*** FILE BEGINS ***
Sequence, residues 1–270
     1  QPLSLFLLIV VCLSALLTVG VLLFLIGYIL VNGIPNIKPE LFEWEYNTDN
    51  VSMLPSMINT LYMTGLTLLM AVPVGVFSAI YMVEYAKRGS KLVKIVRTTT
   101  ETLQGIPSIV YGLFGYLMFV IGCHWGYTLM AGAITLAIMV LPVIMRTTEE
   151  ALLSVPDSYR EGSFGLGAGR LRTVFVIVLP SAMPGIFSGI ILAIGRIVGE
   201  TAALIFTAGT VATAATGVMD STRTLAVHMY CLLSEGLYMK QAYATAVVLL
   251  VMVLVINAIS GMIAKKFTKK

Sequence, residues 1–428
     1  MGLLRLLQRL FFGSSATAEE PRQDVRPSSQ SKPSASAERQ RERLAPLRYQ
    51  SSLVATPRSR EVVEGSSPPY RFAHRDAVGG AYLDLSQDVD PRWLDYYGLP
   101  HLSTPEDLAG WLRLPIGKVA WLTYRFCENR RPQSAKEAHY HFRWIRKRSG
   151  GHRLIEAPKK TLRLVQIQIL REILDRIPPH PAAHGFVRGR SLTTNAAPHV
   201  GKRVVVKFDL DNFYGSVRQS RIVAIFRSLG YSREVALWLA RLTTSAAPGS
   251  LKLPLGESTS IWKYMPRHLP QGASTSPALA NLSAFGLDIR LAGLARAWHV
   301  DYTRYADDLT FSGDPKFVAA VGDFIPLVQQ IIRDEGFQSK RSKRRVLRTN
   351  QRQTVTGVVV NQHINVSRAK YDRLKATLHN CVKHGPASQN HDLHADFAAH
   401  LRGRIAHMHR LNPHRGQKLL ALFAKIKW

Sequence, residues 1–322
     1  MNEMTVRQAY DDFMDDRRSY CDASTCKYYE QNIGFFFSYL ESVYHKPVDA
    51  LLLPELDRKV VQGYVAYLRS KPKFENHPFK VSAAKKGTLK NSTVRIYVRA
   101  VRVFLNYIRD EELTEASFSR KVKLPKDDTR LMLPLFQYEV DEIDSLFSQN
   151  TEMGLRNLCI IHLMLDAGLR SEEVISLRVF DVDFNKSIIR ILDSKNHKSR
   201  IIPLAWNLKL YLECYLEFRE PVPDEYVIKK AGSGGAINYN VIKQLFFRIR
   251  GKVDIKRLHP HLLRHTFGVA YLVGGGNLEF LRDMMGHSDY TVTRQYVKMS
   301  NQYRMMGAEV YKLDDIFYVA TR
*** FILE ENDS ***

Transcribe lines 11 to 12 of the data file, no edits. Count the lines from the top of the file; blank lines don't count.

   101  HLSTPEDLAG WLRLPIGKVA WLTYRFCENR RPQSAKEAHY HFRWIRKRSG
   151  GHRLIEAPKK TLRLVQIQIL REILDRIPPH PAAHGFVRGR SLTTNAAPHV